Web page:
“Detoxing is you’re just on a juice cleanse, and after three days I’ve lost a few kilos and I feel really good, but it’s taking a lot of fructose into your body,” says Lee Holmes, nutrition coach, wholefoods chef and author of Supercharged Food and Heal Your Gut.

“I think we’re moving into gentler practices – fish oil, clean eating. eating soups and foods that are easy to digest… Just juices are not good – you’re not getting all the vitamins and nutrients and having all that fructose. Just a balanced diet [is better].”

Adds Chevalley Hedge: “The idea of stripping back and deprivation of food to gain good health is over… Fad, restriction, and hunger will never bring about sustainable change. That is what most people are ideally seeking-a change that they can maintain without pain.  And hey, what is wrong with a glass of wine or a coffee – the poison is in the dose for most people – not the occasional indulgence.”

4. Bush foods

Warrigal greens are a native, wild-growing type of “sea” spinach that run rampant along sea shores and that many fine-dining chefs have “discovered” and use as a star ingredient in their fine fare.

Chefs are not the only ones tapping into the abundance around us, but they are the ones leading the trend.

“I’m interested in bush foods – I think they’re going to be a big trend,” Holmes says. “Things like wattle seeds, kakadu plums, lemon myrtle – they’re really beautiful to use. I think chef’s are tapping into them and they start to filter down.”

Kakadu plums, considered a gift of the Dreamtime according to the Australian Superfood Company, have the highest levels of vitamin C of any fruit in the world while lemon myrtle has been used by Indigenous communities for a variety of purposes including as an anti-microbial, for its multiple vitamins and minerals (including calcium, folate, vitamin A and E) as well as an insect repellent (when the leaves are burned).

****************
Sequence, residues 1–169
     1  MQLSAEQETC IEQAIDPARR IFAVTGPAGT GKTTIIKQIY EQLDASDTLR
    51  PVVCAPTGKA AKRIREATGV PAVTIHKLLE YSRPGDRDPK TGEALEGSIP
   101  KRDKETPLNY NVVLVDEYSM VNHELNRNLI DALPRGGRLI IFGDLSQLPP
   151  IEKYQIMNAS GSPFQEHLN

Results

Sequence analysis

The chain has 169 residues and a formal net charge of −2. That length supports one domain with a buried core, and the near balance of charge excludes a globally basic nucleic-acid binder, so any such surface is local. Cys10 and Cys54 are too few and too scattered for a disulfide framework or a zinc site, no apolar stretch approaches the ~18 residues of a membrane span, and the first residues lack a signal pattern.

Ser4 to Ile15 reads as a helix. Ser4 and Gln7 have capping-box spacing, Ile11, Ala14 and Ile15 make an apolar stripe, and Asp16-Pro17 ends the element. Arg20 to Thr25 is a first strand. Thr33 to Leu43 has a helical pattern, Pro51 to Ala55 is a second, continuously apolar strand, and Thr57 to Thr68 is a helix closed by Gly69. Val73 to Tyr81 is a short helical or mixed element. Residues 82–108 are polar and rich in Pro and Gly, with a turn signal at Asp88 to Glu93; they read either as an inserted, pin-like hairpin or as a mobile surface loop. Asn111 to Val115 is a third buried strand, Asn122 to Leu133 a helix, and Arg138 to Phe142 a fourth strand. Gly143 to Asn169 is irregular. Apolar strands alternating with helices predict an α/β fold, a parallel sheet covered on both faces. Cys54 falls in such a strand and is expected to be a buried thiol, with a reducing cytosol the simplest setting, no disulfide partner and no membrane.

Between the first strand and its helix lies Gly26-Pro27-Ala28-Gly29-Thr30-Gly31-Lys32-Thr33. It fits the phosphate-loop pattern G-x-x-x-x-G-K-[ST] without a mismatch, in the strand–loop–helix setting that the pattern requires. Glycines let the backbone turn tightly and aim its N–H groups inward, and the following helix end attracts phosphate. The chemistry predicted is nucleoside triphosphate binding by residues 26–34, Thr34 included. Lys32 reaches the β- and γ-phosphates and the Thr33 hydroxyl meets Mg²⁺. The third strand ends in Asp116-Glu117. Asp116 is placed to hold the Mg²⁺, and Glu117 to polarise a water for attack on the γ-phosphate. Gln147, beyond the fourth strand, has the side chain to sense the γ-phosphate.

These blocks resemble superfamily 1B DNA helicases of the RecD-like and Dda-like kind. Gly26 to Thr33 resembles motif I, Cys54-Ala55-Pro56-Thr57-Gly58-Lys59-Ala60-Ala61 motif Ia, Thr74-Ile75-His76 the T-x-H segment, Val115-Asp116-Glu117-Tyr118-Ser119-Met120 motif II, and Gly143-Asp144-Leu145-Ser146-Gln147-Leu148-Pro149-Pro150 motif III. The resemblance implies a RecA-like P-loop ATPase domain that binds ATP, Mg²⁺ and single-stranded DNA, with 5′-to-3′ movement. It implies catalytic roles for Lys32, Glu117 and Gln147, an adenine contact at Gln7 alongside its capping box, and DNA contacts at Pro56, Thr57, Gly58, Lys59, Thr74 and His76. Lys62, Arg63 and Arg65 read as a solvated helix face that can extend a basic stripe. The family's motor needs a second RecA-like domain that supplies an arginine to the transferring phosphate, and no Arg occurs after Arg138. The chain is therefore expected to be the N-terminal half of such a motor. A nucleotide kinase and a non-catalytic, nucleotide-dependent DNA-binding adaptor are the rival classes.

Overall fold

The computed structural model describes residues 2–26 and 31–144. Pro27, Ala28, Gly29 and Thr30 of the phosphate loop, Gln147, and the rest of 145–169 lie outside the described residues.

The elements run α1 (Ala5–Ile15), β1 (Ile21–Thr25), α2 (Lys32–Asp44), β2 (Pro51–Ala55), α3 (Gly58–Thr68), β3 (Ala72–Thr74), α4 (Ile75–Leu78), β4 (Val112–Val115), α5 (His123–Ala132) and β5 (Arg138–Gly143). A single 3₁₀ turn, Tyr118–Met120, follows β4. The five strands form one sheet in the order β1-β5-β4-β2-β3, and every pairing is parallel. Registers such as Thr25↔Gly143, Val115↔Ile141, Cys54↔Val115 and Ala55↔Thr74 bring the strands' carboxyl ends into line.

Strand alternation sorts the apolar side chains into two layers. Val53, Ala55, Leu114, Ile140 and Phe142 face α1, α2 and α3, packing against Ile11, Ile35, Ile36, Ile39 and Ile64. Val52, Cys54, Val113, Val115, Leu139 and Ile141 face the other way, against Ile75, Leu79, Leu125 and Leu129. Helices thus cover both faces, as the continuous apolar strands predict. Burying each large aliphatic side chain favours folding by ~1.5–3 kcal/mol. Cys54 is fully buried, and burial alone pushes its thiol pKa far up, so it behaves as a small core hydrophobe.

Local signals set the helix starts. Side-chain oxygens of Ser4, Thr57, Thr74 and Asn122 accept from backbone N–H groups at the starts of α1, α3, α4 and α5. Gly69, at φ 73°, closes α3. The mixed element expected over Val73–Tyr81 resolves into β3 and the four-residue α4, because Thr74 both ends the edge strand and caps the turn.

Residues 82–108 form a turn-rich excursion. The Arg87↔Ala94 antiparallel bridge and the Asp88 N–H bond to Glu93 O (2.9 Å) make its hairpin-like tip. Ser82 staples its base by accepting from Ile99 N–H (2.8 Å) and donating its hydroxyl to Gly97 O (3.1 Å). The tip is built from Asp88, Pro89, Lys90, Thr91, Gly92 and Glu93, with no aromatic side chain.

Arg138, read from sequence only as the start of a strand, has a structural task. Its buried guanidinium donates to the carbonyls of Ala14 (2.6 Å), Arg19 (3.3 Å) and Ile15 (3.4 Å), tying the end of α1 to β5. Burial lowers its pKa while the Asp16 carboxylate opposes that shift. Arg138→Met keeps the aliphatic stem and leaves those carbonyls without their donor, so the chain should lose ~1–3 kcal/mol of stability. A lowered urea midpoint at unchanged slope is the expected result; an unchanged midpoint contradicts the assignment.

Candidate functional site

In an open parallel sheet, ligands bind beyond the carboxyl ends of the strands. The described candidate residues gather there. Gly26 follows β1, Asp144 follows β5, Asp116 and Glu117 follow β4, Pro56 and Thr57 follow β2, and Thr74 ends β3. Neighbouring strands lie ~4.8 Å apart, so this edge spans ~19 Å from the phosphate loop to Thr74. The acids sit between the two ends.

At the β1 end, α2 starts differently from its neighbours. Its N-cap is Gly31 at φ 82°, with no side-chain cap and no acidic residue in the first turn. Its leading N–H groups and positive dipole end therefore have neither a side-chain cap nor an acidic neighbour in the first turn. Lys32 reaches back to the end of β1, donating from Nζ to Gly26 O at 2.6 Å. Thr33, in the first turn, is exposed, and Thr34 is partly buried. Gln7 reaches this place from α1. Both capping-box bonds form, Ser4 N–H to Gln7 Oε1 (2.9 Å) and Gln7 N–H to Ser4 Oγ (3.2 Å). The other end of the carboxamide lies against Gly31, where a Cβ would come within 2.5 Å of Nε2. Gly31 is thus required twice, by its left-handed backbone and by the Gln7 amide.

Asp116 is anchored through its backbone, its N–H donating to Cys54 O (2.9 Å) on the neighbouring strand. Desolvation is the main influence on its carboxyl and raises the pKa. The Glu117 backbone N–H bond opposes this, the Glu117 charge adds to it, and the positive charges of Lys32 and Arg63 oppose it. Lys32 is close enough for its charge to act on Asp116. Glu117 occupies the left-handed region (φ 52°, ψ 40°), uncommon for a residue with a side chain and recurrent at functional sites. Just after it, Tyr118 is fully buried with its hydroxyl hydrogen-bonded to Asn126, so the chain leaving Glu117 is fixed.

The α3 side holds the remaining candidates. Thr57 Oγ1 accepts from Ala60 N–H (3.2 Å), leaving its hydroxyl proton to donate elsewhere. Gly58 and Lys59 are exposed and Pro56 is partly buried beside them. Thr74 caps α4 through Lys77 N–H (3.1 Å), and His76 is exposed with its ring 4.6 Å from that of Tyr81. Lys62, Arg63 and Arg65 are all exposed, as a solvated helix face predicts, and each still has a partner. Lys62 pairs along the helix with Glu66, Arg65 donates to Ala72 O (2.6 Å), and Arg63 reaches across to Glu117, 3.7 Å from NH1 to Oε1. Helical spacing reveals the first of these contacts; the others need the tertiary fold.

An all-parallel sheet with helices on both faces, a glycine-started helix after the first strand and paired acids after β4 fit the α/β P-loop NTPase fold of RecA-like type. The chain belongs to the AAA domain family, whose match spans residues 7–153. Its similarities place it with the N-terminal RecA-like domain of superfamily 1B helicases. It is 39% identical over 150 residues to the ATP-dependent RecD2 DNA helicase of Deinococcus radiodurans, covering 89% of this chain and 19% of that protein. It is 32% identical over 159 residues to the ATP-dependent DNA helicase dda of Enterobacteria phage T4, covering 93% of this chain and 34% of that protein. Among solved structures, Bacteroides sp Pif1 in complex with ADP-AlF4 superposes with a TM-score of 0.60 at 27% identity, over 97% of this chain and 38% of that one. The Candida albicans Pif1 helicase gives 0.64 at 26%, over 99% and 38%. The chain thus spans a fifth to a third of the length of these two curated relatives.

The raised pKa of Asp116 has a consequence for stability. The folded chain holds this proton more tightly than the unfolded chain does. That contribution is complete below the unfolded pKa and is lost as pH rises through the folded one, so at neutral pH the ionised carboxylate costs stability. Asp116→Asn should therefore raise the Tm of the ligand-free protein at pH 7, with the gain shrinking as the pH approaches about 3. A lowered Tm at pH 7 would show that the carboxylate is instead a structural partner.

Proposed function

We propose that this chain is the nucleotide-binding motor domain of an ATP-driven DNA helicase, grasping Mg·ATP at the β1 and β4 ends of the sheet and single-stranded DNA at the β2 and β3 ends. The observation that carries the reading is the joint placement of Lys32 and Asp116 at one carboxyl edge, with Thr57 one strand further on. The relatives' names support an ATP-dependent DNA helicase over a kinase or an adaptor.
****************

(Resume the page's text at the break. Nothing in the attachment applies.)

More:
“I think there will be an increased interest in bush foods and heritage varieties of things like grains and even tomatoes etc,” says McMillan. “We’ll move from ancient grains to all sorts of different plant varieties and that’s a good thing.”

5. Back from the brink

We’ve experimented with extremes – no fat, no sugar, no food. It’s time to bring balance back. It makes good sense given that good health is the epitome of good balance – that includes full fat, a little sugar.

I suspect this trend has, at least a little, to do with the body positivity movement – trusting ourselves to treat our bodies with respect and care without, necessarily, the need for denial or punishment. There is a call for more joy in our bodies and, thank goodness, more joy in our food. It’s about forgetting calorie counting and, instead, embracing wholefoods – foods as minimally tampered with as possible. That includes dairy.

“I think dairy will make a comeback with all the good news on dairy fat not being associated with heart disease,” McMillan says. “The headlines have been a little misleading there as it doesn’t lower risk either and when you do fat swaps with healthier fats you get benefits but that’s a nutritional tangent – bottom line is I think full fat dairy will be on the rise.”

Similarly, the sugar message has been toned down by half. A message Chevalley Hedge welcomes.

“Bring back a bit of moderation,” she says. “Moderation with a healthy approach is sustainable.”

After all, it’s not like the information has changed that much, Yale University’s Dr David Katz told American industry publication Food Navigator, we’re just finally catching on that vegan, Paleo, gluten-free, fat-free or sugar-free are not panaceas to our problems.

“It’s remarkable how much consensus there is about the fundamentals of healthy eating… diets that emphasis vegetables. fruits, wholegrains, nuts and seeds, beans, lentils, water for thirst, and food that’s minimally processed.”

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"Things like wattle seeds, kakadu plums, lemon myrtle – they're really beautiful to use. I think chef's are tapping into them and they start to filter down."